Andrew Kevin Walker

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Andrew Kevin Walker
Born (1964-08-14) August 14, 1964 (age 56)
OccupationWriter, film producer, script doctor
Years active1993–present

Andrew Kevin Walker (born August 14, 1964) is an American screenwriter, producer and script doctor. He is known for having written Seven (1995), for which he earned a nomination for the BAFTA Award for Best Original Screenplay, as well as several other films, including 8mm (1999), Sleepy Hollow (1999) and many uncredited script rewrites.

Early life and education[edit]

Walker was born in Altoona, Pennsylvania, though some time during his childhood, he moved to Mechanicsburg, Pennsylvania, where he was raised. He attended the Mechanicsburg Area Senior High School until his graduation in 1982. Walker soon enrolled in Penn State University to pursue a career in film production. He graduated from Penn State in 1986, with a Bachelor of Arts in film and video.[1]

Film career[edit]

Shortly after completing his education, he moved to New York City and began a career in retail at Tower Records. During that time, he worked on several projects, but Walker was unable to find much success until 1991, when he completed the script for Seven. Walker decided to move to Los Angeles to sell his screenplay. There, he personally contacted screenwriter David Koepp, who showed the script to executives at New Line Cinema, who ended up purchasing the rights to it. The film, however, took nearly three years to begin production. Christmas Vacation director Jeremiah Chechik was originally chosen to direct the optioned film but he asked for a number of modifications, including the changes to the ending, particularly the removal of the head in a box scene.[2] Walker continued reworking the script but the film got passed around in Hollywood. The project finally went ahead when David Fincher agreed to direct the film after he read the original draft, which was accidentally sent with the ending intact.[2]

While the project was ongoing, Walker found other work as a screenwriter, including a short stint with HBO's television series Tales From the Crypt, as well as writing two other films, Brainscan (1994) and the novel adaptation Hideaway (1995).[1]

Seven began production between his two other films, headed by Fincher as the director and starring Morgan Freeman, Brad Pitt and Kevin Spacey. At one point during production, the studio proposed several changes — which would later become a recurring theme throughout Walker's career — deeming it too dark for its target audience. Both Fincher and Freeman backed Walker's original script, and it eventually went unchanged.[1] The film was met with critical acclaim and enormous box office success, earning $327,311,859 worldwide.[3][4] It would allow Walker to make a name for himself in the movie industry.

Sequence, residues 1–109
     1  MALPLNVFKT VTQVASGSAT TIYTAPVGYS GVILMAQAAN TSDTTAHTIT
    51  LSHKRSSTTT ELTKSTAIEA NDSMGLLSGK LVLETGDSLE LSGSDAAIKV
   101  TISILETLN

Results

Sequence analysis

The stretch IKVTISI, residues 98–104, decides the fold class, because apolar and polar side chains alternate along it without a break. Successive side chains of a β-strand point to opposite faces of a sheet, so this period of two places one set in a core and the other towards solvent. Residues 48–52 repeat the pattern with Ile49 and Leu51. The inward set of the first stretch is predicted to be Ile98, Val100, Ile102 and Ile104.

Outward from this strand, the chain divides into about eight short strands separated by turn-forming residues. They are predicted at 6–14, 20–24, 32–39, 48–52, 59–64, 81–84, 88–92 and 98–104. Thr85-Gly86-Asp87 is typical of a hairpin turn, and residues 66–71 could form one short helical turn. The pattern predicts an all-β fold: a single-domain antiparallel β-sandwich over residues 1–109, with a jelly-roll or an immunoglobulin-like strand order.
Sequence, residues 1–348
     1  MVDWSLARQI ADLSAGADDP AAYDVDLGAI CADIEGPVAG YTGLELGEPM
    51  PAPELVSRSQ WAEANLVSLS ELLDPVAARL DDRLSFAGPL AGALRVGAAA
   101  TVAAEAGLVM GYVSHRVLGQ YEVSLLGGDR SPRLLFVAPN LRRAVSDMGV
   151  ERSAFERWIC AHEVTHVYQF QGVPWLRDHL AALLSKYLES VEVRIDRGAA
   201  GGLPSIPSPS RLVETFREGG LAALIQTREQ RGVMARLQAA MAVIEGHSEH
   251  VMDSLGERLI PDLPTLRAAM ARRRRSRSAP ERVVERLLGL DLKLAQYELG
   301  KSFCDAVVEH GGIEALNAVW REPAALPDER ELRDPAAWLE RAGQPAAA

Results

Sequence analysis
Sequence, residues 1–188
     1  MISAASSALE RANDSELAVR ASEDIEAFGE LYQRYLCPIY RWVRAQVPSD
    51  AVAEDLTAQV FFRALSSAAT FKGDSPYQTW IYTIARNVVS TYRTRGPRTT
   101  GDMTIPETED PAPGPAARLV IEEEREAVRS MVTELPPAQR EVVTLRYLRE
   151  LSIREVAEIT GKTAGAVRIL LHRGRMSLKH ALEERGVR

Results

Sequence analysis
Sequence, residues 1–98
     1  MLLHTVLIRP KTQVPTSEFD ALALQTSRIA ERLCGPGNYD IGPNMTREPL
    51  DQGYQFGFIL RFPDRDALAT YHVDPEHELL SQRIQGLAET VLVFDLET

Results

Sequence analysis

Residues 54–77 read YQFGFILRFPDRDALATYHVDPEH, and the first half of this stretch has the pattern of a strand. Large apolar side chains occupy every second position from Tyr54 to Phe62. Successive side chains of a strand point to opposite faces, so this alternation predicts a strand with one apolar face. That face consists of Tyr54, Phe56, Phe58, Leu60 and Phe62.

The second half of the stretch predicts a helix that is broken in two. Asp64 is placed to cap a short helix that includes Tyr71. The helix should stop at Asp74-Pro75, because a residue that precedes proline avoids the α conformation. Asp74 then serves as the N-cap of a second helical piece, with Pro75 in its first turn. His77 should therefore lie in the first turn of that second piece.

However, Walker would not earn another film credit to his name for another four years, though he penned several uncredited rewrites during this period, including The Game (on which he again worked with David Fincher) and Paul W. S. Anderson's Event Horizon.[5] In 1999, Walker's 8MM finally saw the light of day, having been sold by him for a reported $1.25 million. Once again, the film's production encountered concerns regarding the dark subject matter, and the studio asked Walker to lighten the film's tone. With Joel Schumacher as director, Walker felt a rewrite would no longer be needed. But as it turned out, Schumacher supported the studio and made changes of his own, leading to a much-publicized fallout between the two, with Walker virtually disowning the film and walking away from the set. He refused to even watch the film, which became a critical failure.[6] In an interview with The Guardian, he said that "it was such an inherently depressing experience that the very least I can do is protect myself from the miserable experience of actually watching it."[7] In 2015, he expressed his openness to a redo 8MM instead of remaking Seven.[7] The latter has left the studios and producers unhappy with Somerset merely standing there helpless as Mills shot John Doe.[8]

Walker found other success in 1999, as he penned uncredited rewrites to the critical hits Stir of Echoes and Fight Club, now considered a cult classic. Walker's adaptation of Washington Irving's short story "The Legend of Sleepy Hollow" also wrapped up production as Sleepy Hollow, directed by Tim Burton. While Burton admired Walker's original script, he hired the playwright and Academy Award-winning screenwriter Tom Stoppard to tone down the violence.[6] The film, starring Johnny Depp, was still a box office and critical success.[9]